A neighborhood tends to be on high alert when the sirens and lights of an ambulance cross into their boundaries. A medical emergency becomes personal and first responders are recognized for their ability to quickly assess and react to any number of scenarios from car accidents to cardiac events and sepsis. While many emergencies are unavoidable, vaccination for influenza and pneumococcal can prevent the common infections that may trigger a deadly sepsis response.
“I lost my mother to sepsis after a liver transplant. She was only 55. I knew she was young, but today it feels even younger,” reflected Linda Penisten, RNC/OTR/L, program manager for Great Plains Quality Innovation Network. “We don’t know what infection resulted in her sepsis response, but staying up-to-date on immunizations is an easy step to protect those you love and those at high risk.”
Any infection can become a sepsis health emergency and everyone is at risk. Certain individuals with a variety of age and health factors are at every greater risk for serious complications from the flu which can lead to pneumonia and sepsis. The Centers for Disease Control and Prevention indicate Individuals age 65 and older, as well as children younger than two, are at high risk, along with those managing one or more chronic diseases, including asthma, diabetes and heart disease.
Great Plains QIN has been working with Emergency Medical Service (EMS) professionals and volunteers across the four-state region to increase awareness of the signs and symptoms of sepsis. Using four sepsis learning modules, including information on the value of vaccines, the team is spreading the word and supporting the implementation of Sepsis Alert protocols.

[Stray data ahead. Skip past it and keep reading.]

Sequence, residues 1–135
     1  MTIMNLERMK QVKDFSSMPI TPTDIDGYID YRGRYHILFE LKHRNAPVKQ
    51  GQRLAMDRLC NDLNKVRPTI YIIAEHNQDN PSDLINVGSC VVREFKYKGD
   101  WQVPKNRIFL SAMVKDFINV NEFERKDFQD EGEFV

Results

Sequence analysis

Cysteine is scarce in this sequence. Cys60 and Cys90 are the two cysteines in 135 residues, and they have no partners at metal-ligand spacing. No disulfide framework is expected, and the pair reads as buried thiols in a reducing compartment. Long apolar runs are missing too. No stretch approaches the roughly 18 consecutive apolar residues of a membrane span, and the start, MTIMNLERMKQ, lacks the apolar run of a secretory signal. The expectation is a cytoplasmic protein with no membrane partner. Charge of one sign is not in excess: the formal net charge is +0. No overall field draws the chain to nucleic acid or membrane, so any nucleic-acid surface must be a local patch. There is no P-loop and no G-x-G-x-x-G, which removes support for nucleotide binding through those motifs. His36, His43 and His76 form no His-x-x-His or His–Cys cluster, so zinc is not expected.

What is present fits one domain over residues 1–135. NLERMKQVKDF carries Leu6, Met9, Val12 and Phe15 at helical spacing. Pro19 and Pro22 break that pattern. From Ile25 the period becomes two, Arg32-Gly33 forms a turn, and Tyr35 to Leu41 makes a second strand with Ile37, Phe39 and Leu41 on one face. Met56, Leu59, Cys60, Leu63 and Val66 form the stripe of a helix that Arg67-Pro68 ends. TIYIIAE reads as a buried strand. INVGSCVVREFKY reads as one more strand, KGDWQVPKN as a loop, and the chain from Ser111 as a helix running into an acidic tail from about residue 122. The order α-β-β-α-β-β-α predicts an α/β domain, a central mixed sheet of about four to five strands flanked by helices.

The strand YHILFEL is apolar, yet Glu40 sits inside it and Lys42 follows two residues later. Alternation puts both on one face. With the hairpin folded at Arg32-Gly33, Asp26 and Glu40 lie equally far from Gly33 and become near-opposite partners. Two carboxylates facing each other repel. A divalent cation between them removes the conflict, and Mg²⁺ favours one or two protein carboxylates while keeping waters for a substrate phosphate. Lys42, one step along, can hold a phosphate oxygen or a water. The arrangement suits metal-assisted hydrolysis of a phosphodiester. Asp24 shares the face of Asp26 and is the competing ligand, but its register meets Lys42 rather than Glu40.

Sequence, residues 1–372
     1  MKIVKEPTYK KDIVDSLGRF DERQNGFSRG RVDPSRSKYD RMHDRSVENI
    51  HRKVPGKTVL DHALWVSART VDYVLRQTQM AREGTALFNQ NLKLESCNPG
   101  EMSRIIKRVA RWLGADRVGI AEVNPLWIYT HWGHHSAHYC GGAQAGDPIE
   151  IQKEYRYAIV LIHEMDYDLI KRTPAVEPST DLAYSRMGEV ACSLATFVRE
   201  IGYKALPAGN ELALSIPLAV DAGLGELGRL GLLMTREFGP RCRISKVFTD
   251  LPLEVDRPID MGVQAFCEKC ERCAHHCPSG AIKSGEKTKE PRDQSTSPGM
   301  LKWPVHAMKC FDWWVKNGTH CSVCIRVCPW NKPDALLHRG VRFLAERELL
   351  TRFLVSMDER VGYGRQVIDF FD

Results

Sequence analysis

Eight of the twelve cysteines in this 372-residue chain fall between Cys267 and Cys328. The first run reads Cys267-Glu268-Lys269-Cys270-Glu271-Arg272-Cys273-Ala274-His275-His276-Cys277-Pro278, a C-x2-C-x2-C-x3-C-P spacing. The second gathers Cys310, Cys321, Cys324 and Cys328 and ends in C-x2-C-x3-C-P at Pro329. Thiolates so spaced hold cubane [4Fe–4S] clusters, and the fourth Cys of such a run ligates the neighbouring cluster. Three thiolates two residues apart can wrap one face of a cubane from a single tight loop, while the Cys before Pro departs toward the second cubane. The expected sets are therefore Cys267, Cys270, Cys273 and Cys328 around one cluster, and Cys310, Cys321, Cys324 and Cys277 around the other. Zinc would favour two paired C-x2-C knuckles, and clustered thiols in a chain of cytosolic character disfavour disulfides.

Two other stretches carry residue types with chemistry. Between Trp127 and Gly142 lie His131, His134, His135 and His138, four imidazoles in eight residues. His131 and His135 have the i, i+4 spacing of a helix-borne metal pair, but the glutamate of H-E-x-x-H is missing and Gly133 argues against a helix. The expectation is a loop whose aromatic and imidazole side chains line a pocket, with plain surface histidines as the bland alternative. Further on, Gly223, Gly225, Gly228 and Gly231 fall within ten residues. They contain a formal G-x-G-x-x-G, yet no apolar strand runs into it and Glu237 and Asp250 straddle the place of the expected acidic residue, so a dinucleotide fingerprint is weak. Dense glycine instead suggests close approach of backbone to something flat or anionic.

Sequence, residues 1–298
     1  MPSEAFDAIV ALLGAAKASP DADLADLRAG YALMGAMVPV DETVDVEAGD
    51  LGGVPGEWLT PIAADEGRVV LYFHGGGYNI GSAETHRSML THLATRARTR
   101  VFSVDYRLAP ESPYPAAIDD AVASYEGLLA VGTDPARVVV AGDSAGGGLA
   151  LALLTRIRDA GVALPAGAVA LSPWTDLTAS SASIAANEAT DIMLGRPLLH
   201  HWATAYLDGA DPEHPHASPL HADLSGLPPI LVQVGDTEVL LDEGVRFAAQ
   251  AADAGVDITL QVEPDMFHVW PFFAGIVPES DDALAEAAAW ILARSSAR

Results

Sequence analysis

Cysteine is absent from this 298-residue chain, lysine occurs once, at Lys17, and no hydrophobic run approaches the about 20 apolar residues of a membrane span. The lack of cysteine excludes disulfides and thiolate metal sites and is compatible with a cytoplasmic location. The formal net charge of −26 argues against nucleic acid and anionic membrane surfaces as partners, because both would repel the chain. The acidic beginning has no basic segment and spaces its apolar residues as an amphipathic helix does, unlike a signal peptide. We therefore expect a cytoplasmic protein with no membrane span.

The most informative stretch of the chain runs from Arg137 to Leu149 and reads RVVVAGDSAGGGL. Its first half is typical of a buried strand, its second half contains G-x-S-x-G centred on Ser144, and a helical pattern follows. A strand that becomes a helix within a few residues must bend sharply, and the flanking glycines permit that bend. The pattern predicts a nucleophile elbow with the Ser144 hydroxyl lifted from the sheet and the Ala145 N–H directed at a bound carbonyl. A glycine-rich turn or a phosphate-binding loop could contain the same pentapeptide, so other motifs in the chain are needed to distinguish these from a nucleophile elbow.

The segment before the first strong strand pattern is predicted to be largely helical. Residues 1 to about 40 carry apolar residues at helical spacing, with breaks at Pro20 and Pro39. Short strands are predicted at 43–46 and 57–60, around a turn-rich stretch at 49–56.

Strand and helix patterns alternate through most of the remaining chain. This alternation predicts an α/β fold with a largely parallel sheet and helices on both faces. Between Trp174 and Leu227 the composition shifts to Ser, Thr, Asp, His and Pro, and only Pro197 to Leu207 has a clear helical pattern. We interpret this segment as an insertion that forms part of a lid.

“Sepsis training for the staff of Sanborn County Ambulance provided the opportunity to identify when we can intervene earlier,” shared Jodi Doering, RN, Sanborn County Ambulance. “We serve an area that has a nursing home and we have already been able to communicate signs of sepsis on patients earlier than we would have before. We welcome any opportunity to learn how to provide better care to our communities.”
Sepsis is the number one diagnosis for hospital admissions and readmissions throughout the country. Protection through immunization and early recognition impacts quality of life for the whole community by reducing complications from a serious infection response while also lowering healthcare costs.
“The response from the EMS squadrons has been amazing,” Penisten contributed. “Understanding of the disease, the individual risk factor and symptoms along with using the protocols for a Sepsis Alert will help save lives.”
The Great Plains QIN website offers information and resources on immunizations and sepsis. In addition, September is Sepsis Awareness Month. We encourage you to take advantage of the Sepsis Alliance toolkits to spread the word.